Ricketts suggested that perhaps five percent of North American males are deeply addicted with a much larger number viewing porn less compulsively. This is important to note. While internet porn is prolific, easily available, and a multi-billion dollar industry, it doesn’t follow that everyone viewing it is deeply addicted.

Internet Porn and Couple Relationships

Ricketts spoke about the potentially devastating impact of internet porn on relationships. And indeed my experience as a couple’s therapist supports Ricketts claim. And that makes sense of course. Most typically it’s people who are in distress who seek the services of a couple’s therapist.

Distressed couples speak about their reasons for coming to couple’s counselling in terms of an issue. Internet porn use is one of the presenting issues couples talk about when they come to see me. Other presenting issues are infidelity, no-longer-in-love-with-my-partner, extended family issues, communication problems, frequent arguing, sexual challenges, distance, and more.

My Approach when Internet Porn is a Presenting Issue

As I work with distressed couples who come in where one or both partners are distressed about internet porn, I have learned I am most effective when I listen for and help unpack the impact internet porn has had on the bond between them, the felt sense of “us” is, the attachment. This is the EFT way of working.

Inevitably I find that the internet porn is coded by one or both partners as something that gets in the way of the attachment, the felt sense of intimacy and closeness. Sometimes the internet porn is a symptom of disconnection; sometimes it is the cause; most of the time it is some mixture of cause and symptom. And disconnection between adult intimate partners is coded by the brain as a danger signal.

Upon occasion I do see that the internet porn use on the part of one of the partners falls in the range of “addictive”. Then referrals to Sex Addicts Anonymous, and/or therapists such as Ricketts who have the CSAT (Certified Sex Addiction Therapist) credential is necessary.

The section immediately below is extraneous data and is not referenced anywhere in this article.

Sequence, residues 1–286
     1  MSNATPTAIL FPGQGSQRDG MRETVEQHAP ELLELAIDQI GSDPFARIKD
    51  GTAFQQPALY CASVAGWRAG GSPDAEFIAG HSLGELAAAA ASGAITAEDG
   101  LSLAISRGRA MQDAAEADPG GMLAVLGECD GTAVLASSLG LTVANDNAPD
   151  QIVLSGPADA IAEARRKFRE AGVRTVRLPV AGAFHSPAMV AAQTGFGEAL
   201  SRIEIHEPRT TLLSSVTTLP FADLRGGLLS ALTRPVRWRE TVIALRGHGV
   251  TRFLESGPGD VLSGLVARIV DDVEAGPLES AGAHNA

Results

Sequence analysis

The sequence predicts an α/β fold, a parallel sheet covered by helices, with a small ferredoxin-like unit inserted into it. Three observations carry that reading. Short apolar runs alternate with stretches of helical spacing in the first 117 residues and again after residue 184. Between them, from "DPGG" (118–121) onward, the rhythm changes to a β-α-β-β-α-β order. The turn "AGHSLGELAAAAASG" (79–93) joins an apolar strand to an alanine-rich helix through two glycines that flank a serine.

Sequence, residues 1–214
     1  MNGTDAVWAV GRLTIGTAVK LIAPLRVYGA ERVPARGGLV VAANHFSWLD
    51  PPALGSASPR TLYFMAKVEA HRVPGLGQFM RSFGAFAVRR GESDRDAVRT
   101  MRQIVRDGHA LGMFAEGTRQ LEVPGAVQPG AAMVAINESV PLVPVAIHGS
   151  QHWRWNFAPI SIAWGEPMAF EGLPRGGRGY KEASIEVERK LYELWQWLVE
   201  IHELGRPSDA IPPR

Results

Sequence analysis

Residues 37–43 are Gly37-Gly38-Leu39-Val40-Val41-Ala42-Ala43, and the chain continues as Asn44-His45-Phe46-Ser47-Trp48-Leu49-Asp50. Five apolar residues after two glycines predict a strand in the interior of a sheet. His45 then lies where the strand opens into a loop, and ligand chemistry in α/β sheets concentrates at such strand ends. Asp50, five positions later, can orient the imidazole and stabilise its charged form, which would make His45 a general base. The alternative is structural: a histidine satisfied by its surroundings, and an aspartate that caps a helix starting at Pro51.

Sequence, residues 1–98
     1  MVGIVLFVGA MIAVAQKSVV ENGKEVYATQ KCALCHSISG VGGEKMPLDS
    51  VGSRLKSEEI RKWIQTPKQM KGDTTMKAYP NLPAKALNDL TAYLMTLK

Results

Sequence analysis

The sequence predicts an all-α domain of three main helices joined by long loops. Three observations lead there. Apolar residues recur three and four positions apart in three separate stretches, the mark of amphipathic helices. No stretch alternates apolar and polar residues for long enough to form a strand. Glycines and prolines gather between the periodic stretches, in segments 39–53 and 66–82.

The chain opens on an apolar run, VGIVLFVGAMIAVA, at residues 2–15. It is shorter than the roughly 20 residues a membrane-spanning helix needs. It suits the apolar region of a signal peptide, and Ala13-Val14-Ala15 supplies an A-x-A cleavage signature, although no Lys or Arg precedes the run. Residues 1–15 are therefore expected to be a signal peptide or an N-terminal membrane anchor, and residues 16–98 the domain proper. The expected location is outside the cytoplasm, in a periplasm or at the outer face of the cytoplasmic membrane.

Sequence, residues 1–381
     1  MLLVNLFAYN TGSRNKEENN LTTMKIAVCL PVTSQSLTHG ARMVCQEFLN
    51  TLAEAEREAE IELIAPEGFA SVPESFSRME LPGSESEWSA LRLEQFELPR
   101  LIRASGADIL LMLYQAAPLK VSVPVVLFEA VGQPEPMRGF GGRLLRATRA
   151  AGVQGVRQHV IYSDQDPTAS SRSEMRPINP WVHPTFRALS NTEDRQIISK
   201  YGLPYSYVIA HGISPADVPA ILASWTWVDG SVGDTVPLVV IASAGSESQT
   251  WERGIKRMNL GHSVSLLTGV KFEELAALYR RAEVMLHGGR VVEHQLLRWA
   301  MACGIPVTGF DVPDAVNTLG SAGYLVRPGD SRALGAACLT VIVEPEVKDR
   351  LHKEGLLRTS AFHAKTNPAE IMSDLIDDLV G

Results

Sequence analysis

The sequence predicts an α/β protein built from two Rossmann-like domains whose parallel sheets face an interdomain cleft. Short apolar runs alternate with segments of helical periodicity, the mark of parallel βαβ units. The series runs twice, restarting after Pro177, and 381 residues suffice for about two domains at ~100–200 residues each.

Sometimes the couples I see come to me after one or both of them have or are involved with a CSAT credentialed therapist and/or SAA group. I love working with those couples because they are so ready to finally work on their couple relationship.

Back to Ricketts

In concluding his talk, Ricketts went on to discuss ways of addressing the lows of pornography. He recommended computer filters, like NetNanny, for families, for example. He recommended public placement of family computers.

Ricketts also noted that when folks who are heavy users of internet porn stop turning to the internet for sexual satisfaction, after a time normal sexual desire and functioning is restored.

Like all things that have potential negative consequences (alcohol, guns, drugs, etc), we need to educate and monitor ourselves, as well as our children. And I appreciated the opportunity I had to consider this topic. Thanks Paul.

Challenge to LPCC – Especially my Husband!

OK sweetie, you introduced Ricketts with the comment it’s right to bring sex into the church for discussion — both healthy sex and problematic sex. Ricketts picked up on how internet porn can make for problematic sex. Now it’s your turn. Need a sermon on healthy sex. Waiting.

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One comment on “Internet Porn Affecting Someone You Know?
  1. kevin says:

    This is a very good blog post! Much truth here. I would reword one statement, “Paul wanted to address is the fact that some people can’t control their consumption of internet porn.” The word ‘can’t’ is too strong a word – it implies all choice and hope are lost … even in the moment of temptation. This isn’t the Biblical view of “the new creature”. I would say the “influence” is overwhelmingly strong – but it is only influence.

What do you think?